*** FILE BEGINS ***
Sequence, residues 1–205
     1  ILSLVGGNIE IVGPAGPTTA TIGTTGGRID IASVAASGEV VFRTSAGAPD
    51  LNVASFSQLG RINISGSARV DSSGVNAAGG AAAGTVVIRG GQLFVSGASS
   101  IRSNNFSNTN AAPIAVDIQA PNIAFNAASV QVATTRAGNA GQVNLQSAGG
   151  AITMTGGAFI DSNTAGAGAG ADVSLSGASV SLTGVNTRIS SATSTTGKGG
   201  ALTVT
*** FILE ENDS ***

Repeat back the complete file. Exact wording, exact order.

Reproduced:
Sequence, residues 1–205
     1  ILSLVGGNIE IVGPAGPTTA TIGTTGGRID IASVAASGEV VFRTSAGAPD
    51  LNVASFSQLG RINISGSARV DSSGVNAAGG AAAGTVVIRG GQLFVSGASS
   101  IRSNNFSNTN AAPIAVDIQA PNIAFNAASV QVATTRAGNA GQVNLQSAGG
   151  AITMTGGAFI DSNTAGAGAG ADVSLSGASV SLTGVNTRIS SATSTTGKGG
   201  ALTVT